Many folks claim they aren’t motivated to exercise or eat right. There are many cases where this is true. However, I believe there are many cases where people really want to exercise and eat right but are falsely claiming a lack of motivation as the main issue.
I want to help you distinguish whether or not motivation is the biggest problem. Knowing this will help you focus on the right game plan to get results.
Let’s start by looking at the 4 components of motivation
Do you believe You Can?
Many folks do not believe they are capable of doing what it takes to exercise. They believe they lack the ability because they are too old or too injured. This can often be solved by education. Presenting evidence, both from research and social proof is a great way to counter act this. For example, for those who have fallen victim to the myth that they are too old to get stronger, I show them a video of of my 70 year old client, Carol, lifting 300 pounds, and my 91 year old patient, Peter, doing pushups off the floor! Seeing is believing, and this can be a very powerful force to breakdown false beliefs.
However, someone may feel that they can’t exercise consistently because they have tried in the past many times but failed, so therefore they must have low will power and can’t stay with it. However, when they are presented with the evidence behind the need for accountability in order to succeed, they may realize that their problem is not whether they are capable, but rather they simply need some structure and strategies, just like a student a law student needs tests and teaching, or a business person needs training, quarterly reviews, and bonuses to succeed.
Do you believe diet & exercise Works?
Some simply don’t believe that exercise or eating right will work. Most believe it will work, but at a cost that they are not willing to endure. For example, they believe that exercise will take too much time, or require extensively restrictive diets, or a certain amount of pain. In short, the risks are not worth the benefits. Again, these beliefs can be counteracted by research and social proof. For example, cases of those who achieved significant benefits by only exerting 3 hours a week would be helpful in motivating a busy person who believed that exercise will only work if they have 6 hours a week to spare. By reframing the risk to benefit ratio reflecting the science and real world results, this person’s motivation will now haves significantly improved.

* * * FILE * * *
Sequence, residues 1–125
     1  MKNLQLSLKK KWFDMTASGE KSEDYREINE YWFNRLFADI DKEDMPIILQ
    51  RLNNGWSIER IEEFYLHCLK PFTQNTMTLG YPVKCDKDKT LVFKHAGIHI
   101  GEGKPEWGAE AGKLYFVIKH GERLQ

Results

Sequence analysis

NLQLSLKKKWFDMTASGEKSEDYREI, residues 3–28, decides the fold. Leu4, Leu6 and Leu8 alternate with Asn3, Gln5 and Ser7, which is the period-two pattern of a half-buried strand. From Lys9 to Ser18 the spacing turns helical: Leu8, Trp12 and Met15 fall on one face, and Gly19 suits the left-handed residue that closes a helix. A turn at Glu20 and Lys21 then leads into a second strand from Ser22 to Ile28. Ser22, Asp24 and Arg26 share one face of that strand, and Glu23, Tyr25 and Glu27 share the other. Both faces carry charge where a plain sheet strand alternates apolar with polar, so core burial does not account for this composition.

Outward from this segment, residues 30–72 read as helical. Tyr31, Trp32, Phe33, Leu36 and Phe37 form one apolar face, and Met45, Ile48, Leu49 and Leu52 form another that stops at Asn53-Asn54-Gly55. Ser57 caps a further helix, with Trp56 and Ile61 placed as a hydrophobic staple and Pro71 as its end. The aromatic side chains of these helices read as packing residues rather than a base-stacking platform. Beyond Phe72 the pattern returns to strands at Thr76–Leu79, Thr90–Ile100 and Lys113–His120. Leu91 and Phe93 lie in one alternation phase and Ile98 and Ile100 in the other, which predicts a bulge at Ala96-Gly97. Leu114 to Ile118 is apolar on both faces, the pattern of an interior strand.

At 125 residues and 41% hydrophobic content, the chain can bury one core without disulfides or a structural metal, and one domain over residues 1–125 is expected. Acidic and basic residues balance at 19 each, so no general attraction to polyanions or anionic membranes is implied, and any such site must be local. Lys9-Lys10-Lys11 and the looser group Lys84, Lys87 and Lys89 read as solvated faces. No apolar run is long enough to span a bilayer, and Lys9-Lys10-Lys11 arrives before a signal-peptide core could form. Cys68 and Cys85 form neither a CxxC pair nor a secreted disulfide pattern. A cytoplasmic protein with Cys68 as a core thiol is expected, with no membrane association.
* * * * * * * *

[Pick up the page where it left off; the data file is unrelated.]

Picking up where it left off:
Do you believe you are worth it?
Related to this, however, may also be they believe that they are worth it. Specifically, do they believe that their health and well being worth the sacrifices and investments of taking action? Even if they believe the intervention is effective, and that they can do it (because they’ve done it before) there are simply more things worth their effort and time. Although a hard pill to swallow, this is simply reflective of the fact that you don’t believe your health and feeling good about how you look is that important. It is certainly taboo to admit this so people will often reject this. But in the absence of the other issues affecting motivation, the only rational conclusion to make is that you don’t think you are worth it.
Solutions for this are very tricky, but they most certainly relate to your environment, relationships, and self esteem. I have seen in many cases the positive impact therapy has on helping folks with these issues. Send me an email if you’d like some valuable resources to help with this.
Do you believe you need it?